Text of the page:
We have now decided, instead of continuing to hold separate Organizing Support Meetings, to simply integrate these organizing support elements within the regular monthly IWW meetings. That means we won't have time for quite as much of this stuff each month, but we felt this was ok since the amount of organizing support activity we've been doing has started to seem out of proportion to the amount of actual organizing we have going on...

Anyway the hope is, by combining the organizing-support stuff with the formal branch decision-making stuff, we'll have branch meetings that are worthwhile and of interest to more than just the hardened few who handle branch administration. And those who come mainly for the organizing-support stuff will feel more like they're really taking part in the organization.. SeaSol members who aren't (yet) IWW members will still be invited too; they just won't get a vote on branch business. We'll see how it goes...

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Nov 9 2011 17:00

Blarg, that sounds great. I'd like to hear how integrating this into regular meetings works out. When I was in Chicago I was part of a regular informal meeting of organizers who did that kind of support and hot seat stuff, for most of a year. It was hugely helpful to me at the time and looking back it was like really foundational for me on a lot of stuff. And some of the relationships I developed through that have stayed really important even as several of us have moved a few times.

I like the idea of doing stuff in branch meetings that's actually directly useful in organizing. I also think that your earlier point bears repeating - in a decent-sized group there gets to be more than can be done in a single meeting. At one point my branch had two active organizing campaigns at mid-sized employers plus a strike (we knew about it for maybe a month before it happened then it lasted 2-3 weeks) at a huge employer where some members work, and usually there's something big and pressing that comes up in any given year that we have to have conversations about being involved or not and how (like Occupy now).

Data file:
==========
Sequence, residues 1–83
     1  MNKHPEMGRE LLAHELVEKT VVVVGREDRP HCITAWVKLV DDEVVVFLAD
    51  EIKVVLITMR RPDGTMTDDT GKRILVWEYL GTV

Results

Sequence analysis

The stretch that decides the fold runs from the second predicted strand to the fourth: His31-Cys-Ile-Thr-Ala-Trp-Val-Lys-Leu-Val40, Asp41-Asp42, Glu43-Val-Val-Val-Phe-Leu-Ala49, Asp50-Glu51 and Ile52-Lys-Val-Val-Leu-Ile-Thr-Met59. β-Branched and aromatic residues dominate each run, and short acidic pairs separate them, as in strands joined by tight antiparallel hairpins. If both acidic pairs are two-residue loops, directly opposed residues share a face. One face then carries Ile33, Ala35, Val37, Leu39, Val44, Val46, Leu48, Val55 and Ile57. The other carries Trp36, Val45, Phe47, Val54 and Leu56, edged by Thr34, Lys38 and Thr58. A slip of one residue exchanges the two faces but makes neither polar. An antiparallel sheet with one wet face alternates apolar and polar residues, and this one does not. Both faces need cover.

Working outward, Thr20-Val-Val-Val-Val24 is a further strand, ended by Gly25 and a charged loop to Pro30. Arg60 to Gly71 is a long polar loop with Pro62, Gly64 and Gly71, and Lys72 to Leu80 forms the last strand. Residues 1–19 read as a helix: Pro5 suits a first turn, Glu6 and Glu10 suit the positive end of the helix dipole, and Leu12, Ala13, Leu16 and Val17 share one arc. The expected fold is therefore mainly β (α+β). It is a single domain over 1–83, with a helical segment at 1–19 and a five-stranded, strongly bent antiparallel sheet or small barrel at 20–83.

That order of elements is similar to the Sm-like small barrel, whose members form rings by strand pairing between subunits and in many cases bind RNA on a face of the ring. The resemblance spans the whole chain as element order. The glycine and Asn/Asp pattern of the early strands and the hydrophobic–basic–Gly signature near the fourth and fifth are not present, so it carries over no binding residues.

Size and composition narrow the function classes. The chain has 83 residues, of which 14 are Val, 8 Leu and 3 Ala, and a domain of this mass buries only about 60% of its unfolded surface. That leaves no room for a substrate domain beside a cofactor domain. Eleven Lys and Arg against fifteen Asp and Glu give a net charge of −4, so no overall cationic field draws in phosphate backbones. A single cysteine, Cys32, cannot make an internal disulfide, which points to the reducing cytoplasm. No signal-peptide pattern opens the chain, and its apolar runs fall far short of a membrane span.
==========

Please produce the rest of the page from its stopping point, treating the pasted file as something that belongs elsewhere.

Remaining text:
Plus we have a newsletter for members and friends, there are various union-wide gatherings to prepare for and fundraise to send members to, for a while we were working on getting a new office and now that has to be maintained, there's repeatedly conversation about how to do more and better member education, stuff pops off randomly at people's workplaces, new members sign up and need an orientation or just someone to meet and greet them, and we have an annual large social event for members and friends and family. And of course sometimes people need to sit down informally with a comrade and brainstorm or get a pep talk etc. And we're still a small marginal organization in the grand scheme of things. So multiple meetings a month is totally the reality, and at this point no one person can go to all of those meetings which means some growing pains (since many of us came out of smaller stuff where we could sort of metaphorically stand on a hill and see all of or even be part of every activity). I think eventually this becomes the reality regardless of formal status like is the solnet part of the IWW or the political group or not.

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Juan Conatz
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Nov 18 2011 22:42

In the Twin Cities last week, we pulled off a solidarity network type action. A Wob who was working in a local restaurant basically couldn't work there anymore after some sketchy shit went down with the manager. And there was a bounced check, too. So about 15 IWWers went there and delivered a demand letter which was met in less than 24 hours.

It was organized pretty informally within the branch. They mostly modeled it after a march on the boss and Imerely suggested they write a demand letter.

One of the folks who participated was like "Yo, this shit is easy!"

blarg
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Nov 24 2011 22:45

Yeah, it's easy when they give in right away! The hard part is when they don't, to be able to keep up sustained pressure for as long as it takes until they do.

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klas batalo